filed in Algorithms on May.18, 2011
“A very long time ago, I was curious how to detect the strength of the bass and treble in music, in order to synchronize some graphical effects. I had no idea how to do such a thing, so I tried to figure it out, but I didn’t get very far. Eventually I learned that I needed something called a Fourier transform, so I took a trip to the library and looked it up (which is what we had to do back in those days).
What I found was the Discrete Fourier Transform (DFT), which looks like this:
This formula, as anyone can see, makes no sense at all. I decided that Fourier must have been speaking to aliens, because if you gave me all the time and paper in the world, I would not have been able to come up with that.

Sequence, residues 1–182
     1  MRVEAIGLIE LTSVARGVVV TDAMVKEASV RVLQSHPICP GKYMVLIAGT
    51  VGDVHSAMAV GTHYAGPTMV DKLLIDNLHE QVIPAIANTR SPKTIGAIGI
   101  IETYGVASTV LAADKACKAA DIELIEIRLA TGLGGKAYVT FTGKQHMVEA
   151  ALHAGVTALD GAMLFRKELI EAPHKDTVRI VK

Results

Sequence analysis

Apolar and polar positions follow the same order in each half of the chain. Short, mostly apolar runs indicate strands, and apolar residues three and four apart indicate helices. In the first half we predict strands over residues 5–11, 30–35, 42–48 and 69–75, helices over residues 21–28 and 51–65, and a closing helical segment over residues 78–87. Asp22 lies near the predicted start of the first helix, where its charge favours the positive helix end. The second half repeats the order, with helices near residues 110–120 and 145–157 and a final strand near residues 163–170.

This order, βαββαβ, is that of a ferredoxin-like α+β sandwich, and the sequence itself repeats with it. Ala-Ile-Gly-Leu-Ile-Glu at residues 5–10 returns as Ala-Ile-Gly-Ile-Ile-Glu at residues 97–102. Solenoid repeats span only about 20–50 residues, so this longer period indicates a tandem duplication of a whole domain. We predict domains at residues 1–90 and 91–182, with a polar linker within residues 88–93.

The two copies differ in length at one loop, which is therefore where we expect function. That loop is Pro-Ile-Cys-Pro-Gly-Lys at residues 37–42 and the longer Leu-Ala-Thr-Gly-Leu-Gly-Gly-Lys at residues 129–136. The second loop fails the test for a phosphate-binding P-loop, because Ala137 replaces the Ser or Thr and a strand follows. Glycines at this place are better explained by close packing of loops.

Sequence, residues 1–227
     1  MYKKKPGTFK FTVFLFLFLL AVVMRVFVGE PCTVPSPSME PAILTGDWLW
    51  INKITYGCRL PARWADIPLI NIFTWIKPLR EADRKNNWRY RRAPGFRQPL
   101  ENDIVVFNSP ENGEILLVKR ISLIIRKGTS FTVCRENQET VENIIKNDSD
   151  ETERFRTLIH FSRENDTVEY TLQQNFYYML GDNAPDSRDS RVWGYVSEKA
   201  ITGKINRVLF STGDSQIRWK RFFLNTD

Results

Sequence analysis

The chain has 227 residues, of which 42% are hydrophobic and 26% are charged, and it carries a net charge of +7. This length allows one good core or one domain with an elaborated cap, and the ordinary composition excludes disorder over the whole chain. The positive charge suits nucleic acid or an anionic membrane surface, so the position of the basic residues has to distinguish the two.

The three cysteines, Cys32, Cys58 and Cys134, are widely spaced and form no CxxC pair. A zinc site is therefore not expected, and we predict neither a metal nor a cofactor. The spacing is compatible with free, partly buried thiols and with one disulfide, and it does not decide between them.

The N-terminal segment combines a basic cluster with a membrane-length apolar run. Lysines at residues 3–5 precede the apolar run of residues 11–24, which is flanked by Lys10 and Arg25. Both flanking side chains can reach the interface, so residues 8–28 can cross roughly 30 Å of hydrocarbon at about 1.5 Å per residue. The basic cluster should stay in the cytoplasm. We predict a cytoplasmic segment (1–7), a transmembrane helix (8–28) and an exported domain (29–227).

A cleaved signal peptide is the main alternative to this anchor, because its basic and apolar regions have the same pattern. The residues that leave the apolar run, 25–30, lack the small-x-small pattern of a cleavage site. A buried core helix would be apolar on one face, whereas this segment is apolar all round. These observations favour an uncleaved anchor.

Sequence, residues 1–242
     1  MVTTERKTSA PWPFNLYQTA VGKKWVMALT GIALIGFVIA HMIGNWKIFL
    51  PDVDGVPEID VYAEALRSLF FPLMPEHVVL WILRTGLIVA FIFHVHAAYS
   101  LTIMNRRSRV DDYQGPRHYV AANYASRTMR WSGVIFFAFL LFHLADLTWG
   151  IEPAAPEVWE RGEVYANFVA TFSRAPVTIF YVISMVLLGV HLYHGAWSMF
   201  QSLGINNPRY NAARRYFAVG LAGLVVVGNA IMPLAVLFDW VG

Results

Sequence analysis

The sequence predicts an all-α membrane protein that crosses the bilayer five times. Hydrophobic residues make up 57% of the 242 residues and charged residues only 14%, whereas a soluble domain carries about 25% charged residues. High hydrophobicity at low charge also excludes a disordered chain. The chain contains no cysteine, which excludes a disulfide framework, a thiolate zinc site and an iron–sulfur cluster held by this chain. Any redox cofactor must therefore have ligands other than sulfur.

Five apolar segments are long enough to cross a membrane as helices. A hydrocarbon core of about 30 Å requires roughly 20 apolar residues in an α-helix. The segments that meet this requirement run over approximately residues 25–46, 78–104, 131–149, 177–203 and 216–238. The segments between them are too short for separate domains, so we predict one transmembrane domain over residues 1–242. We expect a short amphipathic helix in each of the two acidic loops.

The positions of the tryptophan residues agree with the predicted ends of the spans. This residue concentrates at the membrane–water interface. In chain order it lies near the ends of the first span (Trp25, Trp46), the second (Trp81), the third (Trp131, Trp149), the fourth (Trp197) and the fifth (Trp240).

Eventually, I was able to visualize how it works, which was a bit of a lightbulb for me. That’s what I want to write about today: an intuitive way to picture the Fourier transform. This may be obvious to you, but it wasn’t to me, so if you work with audio or rendering, I hope there’s something here you find useful……” continued at: Understanding the Fourier transform (altdevblogaday.org)